I’ve been a New York Giants football fan for more years than I care to admit but nothing like my daughter, Lizzy, who is a fan/addict (pronounced fanatic). I was delighted to be able to take her to see the Giants defeat the Patriots four years ago (at considerable risk to my aging body since she could not resist taunting New Englanders before, during and especially after the game) and to get tickets for her and her sister Laura to see the sequel yesterday.
But I digress from the menu, which today is crow, the result of a blog I wrote about a year ago, titled The Giant Hobgoblin. In it, I spared no statistic, anecdote or sarcastic remark to make the case that Tom Coughlin, the Giants head coach, should have been fired instead of having his contract extended. And as late as the end of last year, it seemed many others had leapt upon this bandwagon, as the team appeared headed for the ignominy of once again failing to make the playoffs under what I was convinced was Coughlin’s inept leadership.
We now know different. Very different.
As the Giants completed a run of six consecutive wins culminating in yesterday’s Super Bowl victory, virtually every commentator, most of them ex-players and head couches, attributed this success to the coaching of Coughlin (and, of course, the exceptional play of Eli Manning). And clearly, the players themselves have great respect, if not love, for their coach. Nobody spoke of Coughlin’s strategic planning, which I think still remains quite conventional and without much innovation. But all heaped praise on his ability to instill unity and determination at times when the frustration of loss after loss would likely undo most any other team. The term “mental toughness” often described what Coughlin preached to motivate egos that under other leadership (need I mention Rex Ryan?) would crumble into petulance and whining. And some observers made the very salient point that Coughlin’s two Super Bowl wins came four years apart not with a consistent group of players but with very different rosters, albeit still having a dramatically improved Manning leading the team on the field. As it turns out, these two accomplishments are more difficult and maybe even more valuable than strategic cleverness.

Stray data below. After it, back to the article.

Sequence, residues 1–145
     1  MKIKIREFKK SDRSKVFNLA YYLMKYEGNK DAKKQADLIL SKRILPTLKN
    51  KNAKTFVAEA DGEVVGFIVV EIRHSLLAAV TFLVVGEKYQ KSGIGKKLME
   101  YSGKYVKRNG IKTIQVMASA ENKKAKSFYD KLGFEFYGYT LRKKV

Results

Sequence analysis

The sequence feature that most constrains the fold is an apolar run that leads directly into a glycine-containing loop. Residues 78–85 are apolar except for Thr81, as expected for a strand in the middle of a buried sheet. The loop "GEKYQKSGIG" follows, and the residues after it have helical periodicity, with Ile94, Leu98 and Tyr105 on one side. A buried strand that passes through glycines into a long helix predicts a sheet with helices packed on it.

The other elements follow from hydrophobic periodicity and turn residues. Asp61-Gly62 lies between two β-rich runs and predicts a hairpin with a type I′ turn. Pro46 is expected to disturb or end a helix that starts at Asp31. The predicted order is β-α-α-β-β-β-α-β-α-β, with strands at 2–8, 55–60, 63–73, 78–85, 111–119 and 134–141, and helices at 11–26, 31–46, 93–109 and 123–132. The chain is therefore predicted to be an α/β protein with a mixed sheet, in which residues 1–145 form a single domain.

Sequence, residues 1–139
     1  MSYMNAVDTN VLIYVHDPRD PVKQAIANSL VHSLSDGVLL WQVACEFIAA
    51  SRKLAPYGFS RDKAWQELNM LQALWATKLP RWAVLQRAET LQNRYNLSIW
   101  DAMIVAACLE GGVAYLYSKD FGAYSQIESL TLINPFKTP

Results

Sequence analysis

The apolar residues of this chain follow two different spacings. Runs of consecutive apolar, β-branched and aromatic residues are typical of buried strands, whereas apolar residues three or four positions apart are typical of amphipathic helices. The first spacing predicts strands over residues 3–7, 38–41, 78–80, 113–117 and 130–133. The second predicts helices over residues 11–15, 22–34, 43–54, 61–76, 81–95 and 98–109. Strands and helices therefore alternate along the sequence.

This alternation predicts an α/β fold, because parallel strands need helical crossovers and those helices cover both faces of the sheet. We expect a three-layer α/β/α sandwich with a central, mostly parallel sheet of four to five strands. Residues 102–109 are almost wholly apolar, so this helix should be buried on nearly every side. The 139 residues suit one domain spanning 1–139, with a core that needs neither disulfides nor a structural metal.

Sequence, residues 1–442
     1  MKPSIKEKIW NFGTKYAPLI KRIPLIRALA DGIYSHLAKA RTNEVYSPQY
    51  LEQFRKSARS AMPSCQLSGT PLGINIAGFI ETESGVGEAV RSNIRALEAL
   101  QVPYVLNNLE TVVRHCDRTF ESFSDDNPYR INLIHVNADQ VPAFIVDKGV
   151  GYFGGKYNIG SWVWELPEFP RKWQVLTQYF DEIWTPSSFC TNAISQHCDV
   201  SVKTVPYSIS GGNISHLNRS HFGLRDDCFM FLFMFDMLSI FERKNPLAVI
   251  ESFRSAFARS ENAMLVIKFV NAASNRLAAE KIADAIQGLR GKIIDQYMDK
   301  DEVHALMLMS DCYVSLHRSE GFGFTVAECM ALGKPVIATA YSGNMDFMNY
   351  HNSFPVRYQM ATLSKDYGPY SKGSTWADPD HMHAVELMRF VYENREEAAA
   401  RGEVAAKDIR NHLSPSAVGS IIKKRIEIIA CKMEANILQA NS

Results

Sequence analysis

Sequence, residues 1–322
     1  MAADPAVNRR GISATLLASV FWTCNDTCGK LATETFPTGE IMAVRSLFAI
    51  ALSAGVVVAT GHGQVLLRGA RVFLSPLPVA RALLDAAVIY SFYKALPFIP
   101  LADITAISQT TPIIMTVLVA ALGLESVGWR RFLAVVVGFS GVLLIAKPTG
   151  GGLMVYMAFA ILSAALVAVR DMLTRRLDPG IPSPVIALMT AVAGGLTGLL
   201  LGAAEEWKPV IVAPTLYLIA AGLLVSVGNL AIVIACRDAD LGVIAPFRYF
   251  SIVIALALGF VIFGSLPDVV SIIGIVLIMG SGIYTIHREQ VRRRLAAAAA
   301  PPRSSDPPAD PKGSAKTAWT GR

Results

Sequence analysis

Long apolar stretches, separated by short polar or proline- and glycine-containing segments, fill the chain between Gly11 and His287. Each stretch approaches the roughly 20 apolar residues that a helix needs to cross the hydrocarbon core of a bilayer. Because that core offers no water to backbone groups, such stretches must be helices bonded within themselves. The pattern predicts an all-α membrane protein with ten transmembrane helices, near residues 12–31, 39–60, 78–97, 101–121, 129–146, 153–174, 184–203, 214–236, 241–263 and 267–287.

So today, I am eating crow and enjoying it. At the end of the game, Lizzy actually “high fived” Manning or as Laura texted me, “She touched him!” I’d do the same for Coughlin.